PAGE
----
Late Years of Shimber Beris


After deportation from Mexico in 1972 the school regrouped at the Duveneck's Hidden Villa ranch near Los Altos, California located just south of San Francisco. They remained there for a short time and then drove up to the town of Keddie, located in Plumas County, where they camped at a dilapidated summer resort until the end of winter. Less than ten years later the site would be the scene of a hideous multiple murder but Shimber Beris was long gone and now once again relocated to points south of the Mexican border.

By September, with over a dozen students in tow, Dr. Burden relocated the school to a ranch near Tecate in Baja Norte. Rancho Espiga de Oro had arroyos and oasis with ample space to set up separate boy’s and girl’s camps. Shimber Beris remained there almost a year and then in 1974 moved to Belize, Central America. They remained in Belize for nearly six months.

In October 1972 Daphne Burden began College in England but was forced to return six months later after her father stopped sending money. Soon after reluctantly rejoining the school at its new location in March 1973, she married a former Shimber Beris student, David Coates, from Pasadena California. Dr. Burden meanwhile began developing a parcel of rainforest property in Guatemala at the top of San Gil Mountain in the Micos Montes rain forest. He had a helicopter pad cleared, banana and pineapple crops planted, and set up separate camps for boys and girls. Some structures were designed to contain "unruly" students in need of "special attention." In her memoirs Daphne wrote:

Because I was in disagreement with much of what was going on, I seldom attended staff meetings. I would like to have communicated honestly with some of the staff, but my father put me on an enforced silence with the older female staff members who might have listened to me.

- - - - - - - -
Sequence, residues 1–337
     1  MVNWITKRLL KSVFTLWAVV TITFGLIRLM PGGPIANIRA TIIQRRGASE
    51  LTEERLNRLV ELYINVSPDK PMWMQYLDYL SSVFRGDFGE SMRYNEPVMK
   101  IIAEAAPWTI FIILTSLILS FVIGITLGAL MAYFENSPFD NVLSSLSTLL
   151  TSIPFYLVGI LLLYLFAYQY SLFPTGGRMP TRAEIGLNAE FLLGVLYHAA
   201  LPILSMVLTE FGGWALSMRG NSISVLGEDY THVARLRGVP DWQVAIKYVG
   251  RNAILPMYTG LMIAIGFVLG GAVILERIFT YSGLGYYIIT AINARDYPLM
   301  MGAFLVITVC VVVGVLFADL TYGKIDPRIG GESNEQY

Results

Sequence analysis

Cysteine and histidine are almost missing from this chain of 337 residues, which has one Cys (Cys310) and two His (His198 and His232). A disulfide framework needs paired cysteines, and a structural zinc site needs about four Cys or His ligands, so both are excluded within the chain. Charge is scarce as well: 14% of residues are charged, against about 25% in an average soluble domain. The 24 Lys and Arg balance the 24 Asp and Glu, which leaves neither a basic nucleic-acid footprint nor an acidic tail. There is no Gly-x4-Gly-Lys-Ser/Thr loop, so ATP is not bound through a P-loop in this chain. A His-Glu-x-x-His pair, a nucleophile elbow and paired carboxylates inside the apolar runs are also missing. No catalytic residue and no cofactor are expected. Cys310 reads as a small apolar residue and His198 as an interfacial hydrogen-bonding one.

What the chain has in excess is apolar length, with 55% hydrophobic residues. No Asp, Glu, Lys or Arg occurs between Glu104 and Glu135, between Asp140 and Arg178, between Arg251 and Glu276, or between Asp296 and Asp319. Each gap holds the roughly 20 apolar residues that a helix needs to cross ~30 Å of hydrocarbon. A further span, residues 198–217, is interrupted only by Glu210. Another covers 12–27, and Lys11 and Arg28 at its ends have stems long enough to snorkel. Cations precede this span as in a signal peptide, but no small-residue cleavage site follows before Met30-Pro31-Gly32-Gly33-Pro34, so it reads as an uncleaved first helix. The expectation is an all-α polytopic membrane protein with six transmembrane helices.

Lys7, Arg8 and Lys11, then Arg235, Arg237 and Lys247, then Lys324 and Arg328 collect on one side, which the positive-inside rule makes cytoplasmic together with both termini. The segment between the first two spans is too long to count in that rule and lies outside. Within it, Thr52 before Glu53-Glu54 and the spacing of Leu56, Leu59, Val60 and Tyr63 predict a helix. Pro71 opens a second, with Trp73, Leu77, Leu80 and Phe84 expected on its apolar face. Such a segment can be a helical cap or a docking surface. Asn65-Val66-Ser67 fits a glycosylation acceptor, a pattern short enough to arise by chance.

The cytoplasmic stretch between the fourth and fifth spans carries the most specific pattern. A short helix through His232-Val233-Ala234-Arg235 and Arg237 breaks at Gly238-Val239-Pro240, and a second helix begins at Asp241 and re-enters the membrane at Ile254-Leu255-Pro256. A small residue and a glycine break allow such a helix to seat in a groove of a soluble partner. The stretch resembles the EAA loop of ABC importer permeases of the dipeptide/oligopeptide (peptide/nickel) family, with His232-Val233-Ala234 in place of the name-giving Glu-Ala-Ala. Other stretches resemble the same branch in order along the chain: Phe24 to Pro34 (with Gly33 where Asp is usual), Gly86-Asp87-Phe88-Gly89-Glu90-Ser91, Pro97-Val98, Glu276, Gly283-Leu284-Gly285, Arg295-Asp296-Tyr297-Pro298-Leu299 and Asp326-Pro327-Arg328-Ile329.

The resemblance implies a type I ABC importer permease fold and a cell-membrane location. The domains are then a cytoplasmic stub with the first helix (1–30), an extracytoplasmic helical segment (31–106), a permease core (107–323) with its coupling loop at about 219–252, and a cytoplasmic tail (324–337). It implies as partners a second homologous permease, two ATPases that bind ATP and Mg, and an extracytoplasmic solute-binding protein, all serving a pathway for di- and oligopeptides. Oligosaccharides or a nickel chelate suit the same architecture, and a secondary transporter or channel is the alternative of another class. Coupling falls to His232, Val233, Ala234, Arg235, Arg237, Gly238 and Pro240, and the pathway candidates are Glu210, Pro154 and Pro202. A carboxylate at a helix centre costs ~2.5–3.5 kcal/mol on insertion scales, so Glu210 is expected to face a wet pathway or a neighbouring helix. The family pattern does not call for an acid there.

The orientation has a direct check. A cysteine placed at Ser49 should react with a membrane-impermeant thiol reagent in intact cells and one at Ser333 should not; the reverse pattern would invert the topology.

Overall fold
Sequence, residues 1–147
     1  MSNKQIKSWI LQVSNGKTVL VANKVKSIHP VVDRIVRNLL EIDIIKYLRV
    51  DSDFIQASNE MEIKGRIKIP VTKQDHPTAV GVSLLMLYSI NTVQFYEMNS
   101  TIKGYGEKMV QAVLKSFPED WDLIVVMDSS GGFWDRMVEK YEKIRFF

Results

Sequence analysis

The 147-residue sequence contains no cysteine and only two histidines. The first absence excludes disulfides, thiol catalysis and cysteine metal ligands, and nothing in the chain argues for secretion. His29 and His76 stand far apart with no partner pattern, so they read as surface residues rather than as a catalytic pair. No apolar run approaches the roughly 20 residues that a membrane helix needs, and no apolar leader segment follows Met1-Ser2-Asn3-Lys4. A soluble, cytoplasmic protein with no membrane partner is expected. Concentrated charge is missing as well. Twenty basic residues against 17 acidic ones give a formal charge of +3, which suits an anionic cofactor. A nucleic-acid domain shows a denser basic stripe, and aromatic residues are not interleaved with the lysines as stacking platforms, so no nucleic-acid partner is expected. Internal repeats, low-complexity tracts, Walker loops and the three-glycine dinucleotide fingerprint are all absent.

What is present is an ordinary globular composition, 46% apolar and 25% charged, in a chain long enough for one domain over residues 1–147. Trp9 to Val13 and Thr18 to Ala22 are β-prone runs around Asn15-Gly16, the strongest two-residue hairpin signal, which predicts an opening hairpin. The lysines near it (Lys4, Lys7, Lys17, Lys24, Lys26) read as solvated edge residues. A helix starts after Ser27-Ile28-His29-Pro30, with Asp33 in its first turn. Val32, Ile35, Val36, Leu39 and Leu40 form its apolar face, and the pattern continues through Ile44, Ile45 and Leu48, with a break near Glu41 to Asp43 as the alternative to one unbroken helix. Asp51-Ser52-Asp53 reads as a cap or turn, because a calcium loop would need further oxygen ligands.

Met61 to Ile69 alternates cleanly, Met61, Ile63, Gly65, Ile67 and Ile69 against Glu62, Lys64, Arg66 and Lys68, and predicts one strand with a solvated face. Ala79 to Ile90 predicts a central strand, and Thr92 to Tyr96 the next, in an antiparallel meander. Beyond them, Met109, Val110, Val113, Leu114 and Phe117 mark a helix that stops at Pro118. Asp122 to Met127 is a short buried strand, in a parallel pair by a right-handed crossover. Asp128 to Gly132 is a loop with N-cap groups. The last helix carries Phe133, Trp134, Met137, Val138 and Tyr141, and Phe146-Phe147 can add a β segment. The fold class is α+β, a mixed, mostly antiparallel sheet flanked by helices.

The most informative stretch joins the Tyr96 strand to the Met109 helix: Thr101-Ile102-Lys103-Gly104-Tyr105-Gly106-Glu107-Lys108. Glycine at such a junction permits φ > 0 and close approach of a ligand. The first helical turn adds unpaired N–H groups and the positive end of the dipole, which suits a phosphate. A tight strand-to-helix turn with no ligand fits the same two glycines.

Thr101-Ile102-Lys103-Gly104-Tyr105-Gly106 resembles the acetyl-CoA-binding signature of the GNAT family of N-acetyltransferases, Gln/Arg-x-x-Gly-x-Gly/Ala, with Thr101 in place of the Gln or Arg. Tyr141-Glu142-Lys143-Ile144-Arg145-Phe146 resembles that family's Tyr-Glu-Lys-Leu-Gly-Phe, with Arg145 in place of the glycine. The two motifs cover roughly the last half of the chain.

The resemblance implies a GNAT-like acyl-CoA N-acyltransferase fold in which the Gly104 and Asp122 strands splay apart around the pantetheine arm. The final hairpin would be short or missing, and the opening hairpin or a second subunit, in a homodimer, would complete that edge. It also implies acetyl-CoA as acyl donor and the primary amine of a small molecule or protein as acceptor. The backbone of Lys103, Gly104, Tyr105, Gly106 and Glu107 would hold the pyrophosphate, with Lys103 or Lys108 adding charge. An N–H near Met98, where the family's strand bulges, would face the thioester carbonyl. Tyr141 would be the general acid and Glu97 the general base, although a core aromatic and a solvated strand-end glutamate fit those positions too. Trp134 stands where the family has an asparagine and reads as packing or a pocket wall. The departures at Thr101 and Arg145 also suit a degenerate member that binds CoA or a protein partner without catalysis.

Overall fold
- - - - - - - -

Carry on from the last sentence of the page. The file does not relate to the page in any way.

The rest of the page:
My father maintained that by keeping young people close to him, he “polarized” them, and fostered their highest aspirations. To a degree, I thought he even influenced my mother in this way. I seemed to be the only person who knew him well enough to be able to interpret the machinations of his mind for what they were, so he never gained the same degree of personal influence over me. 

From my perspective, fuel for dark humor was everywhere. One of my most absurd arguments with my father concerned his private gun collection, which neither my mother nor many of the staff would have believed he was compiling had I tried to inform them. Yet he allotted the job of continually cleaning and oiling them to prevent them from rusting in the humid climate, to me. He actually tried to persuade me to fear rebellious students and directed me to wear an automatic Berretta handgun on my belt the way he claimed to do, whenever I walked through the main camp. I never witnessed his doing this though, and believe he was attempting to get me to do something foolish that would not only make me instantly unpopular with the students and most of the staff, but make me seem deranged.

In my mind, I not only had nothing to fear from any of the students, but all anyone who was bigger than I was would need to have done would have been to overpower me and take the firearm away. I would always unload the gun as soon as I was out of my father’s sight and hide it in the cave where I kept the horse feed so no one would ever see it. The only time I wore it was the night I ran away from the camp, intent on escaping both my father and the country.

By 1979 Daphne plotted and executed her own departure from the school with the help of her mother and a staff member. Seven years later the school would be investigated by agents in the employ of parents as well as the San Francisco Chronicle which published an unflattering report (lacking significant details) prominently featured on the front page of the Sunday edition of September 14, 1986.

David Burden had already planned a successor institution he called ASHGLO. Although this plan was foiled by a hurricane, no setback dampened his intention to continue convoluted goals that today might be described with a definition found in the DSM standard manual for diagnosis of mental disorders.

Dr Burden’s extraordinary ability to convince those around him that his own intentions reflected either altruism or that of a higher power, allowed him to pioneer his dreams in the face of ludicrous practical difficulties.

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